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BARD IN CHINA PRESENTS WORKSHOP ON CIVILITY AND GOVERNMENT IN REPUBLICAN CHINA ON SATURDAY, APRIL 26

Darren O'Sullivan
845-758-7649
osulliva@bard.edu
04-17-2003

ANNANDALE-ON-HUDSON, N.Y.—On Saturday, April 26, 2003, Bard in China will host a workshop exploring the emergence of new modes of civility and public decorum in Republican China and their relationship to the nation's government and institutions. The workshop, "Civility and Governmentality in Republican China (1912–1949)," will feature two panels of noted Chinese and Asian studies scholars from across the country. The event takes place from 9 a.m. to 4 p.m. in room 214 of the Bertelsmann Campus Center on the Bard College campus and is free and open to the public. The workshop is cosponsored by the History and Asian Studies programs at Bard, with support from the Freeman Foundation.

During the time of transition in China between the fall of the last dynastic state in 1911 and the founding of the People's Republic in 1949, China's social and political elites experimented with a wide spectrum of theories and institutions for transforming the people. The papers in this workshop together reconstruct a genealogy of civility, decorum, public order, and civic morality in Republican China.

What attitudes and patterns of etiquette, physical bearing, hygiene, and dress came to mark modernity in China? Where did those patterns originate, and why did they emerge so powerfully in the early 20th century? Were state institutions and "governmentalized" civic associations the main forces instilling new modes of civility, or did they emerge from more organic processes of social change? This workshop will explore these questions by focusing on the many movements intended to make China modern by reforming the bodily practices and most basic attitudes of individual citizens.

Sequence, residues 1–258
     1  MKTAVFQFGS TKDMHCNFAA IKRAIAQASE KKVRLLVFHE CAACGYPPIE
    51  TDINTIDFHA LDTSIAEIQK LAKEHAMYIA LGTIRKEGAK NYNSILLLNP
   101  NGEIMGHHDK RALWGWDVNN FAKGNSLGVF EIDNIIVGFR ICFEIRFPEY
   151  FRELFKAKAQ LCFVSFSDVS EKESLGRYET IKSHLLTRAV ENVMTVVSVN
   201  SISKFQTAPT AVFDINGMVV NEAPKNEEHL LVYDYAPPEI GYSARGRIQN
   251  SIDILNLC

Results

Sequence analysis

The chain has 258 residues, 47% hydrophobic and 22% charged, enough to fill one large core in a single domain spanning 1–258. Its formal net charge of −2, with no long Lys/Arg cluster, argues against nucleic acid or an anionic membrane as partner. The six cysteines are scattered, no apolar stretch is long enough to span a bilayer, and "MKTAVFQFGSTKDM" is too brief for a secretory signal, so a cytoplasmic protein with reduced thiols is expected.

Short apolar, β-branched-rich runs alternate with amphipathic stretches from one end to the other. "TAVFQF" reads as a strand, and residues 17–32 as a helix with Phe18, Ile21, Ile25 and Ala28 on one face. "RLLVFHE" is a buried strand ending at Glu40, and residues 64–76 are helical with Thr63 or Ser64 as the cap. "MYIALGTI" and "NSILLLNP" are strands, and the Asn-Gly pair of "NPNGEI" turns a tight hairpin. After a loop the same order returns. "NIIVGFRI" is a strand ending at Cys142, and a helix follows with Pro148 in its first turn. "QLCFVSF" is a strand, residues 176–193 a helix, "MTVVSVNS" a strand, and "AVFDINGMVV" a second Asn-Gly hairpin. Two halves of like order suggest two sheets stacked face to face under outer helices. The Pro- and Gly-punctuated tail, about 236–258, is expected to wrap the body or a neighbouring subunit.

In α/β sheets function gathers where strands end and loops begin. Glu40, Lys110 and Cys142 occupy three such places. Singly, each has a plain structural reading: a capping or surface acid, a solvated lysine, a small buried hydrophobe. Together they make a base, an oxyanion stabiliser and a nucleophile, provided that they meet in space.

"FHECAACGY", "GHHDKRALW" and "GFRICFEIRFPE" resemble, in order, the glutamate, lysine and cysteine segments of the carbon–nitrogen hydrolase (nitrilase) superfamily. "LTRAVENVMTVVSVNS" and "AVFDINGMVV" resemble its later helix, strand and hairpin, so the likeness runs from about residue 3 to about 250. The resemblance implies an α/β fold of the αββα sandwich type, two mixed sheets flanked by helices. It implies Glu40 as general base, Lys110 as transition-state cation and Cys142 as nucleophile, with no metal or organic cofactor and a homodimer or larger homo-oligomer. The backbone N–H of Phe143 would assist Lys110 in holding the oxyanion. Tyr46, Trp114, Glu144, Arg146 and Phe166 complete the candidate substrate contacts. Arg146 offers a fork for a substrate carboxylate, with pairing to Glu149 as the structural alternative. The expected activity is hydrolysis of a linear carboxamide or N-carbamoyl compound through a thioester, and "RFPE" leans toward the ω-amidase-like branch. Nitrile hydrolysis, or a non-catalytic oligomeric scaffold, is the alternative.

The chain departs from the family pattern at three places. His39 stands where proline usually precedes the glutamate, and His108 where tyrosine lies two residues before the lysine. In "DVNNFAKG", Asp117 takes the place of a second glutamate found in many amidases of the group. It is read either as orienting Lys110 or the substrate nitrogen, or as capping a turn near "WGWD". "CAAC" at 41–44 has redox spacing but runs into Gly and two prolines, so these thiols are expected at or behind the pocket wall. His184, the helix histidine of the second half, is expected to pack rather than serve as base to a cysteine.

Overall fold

Program:

"Civility and Governmentality in Republican China (1912–1949)"

Bard College, April 26, 2003

Civilizational Discourse and China's New Moral Order

9 a.m. – 11:30 a.m.

"Prison Teachings of Public Morality: Jiangsu Number Two Prison Instructor Shao Zhenji's Vision of Society in the 1920s"

Jan Kiely, Furman University "The Gender of Superstition: Medicine, Magic, and the Chinese Nationalist State" Rebecca Nedostup, Purdue University "Experimenting with the Family: Family Education during the Sino-Japanese War" Helen Schneider, University of Washington Discussant: Kristin Stapleton, University of Kentucky

Disciplining Bodies, Managing Populations

1:30 p.m. – 4:00 p.m.

"Vagrancy in Republican China"

Janet Chen, Yale University "Military Training and Martial Citizenship in Lower Yangzi Region Secondary Schools on the Eve of the Sino-Japanese War" Robert Culp, Bard College "National Skills: Guoshu Martial Arts and the Nanjing State, 1928–1937" Andrew Morris, California Polytechnic State University Discussant: Rebecca Karl, New York University

The full text of all papers will be available prior to the conference at the events page of the Bard in China program: http://www.bard.edu/library/culp. For further information about the workshop or Bard in China, call 845-758-7388 or e-mail gould@bard.edu.

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(4.09.03)

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This event was last updated on 04-17-2003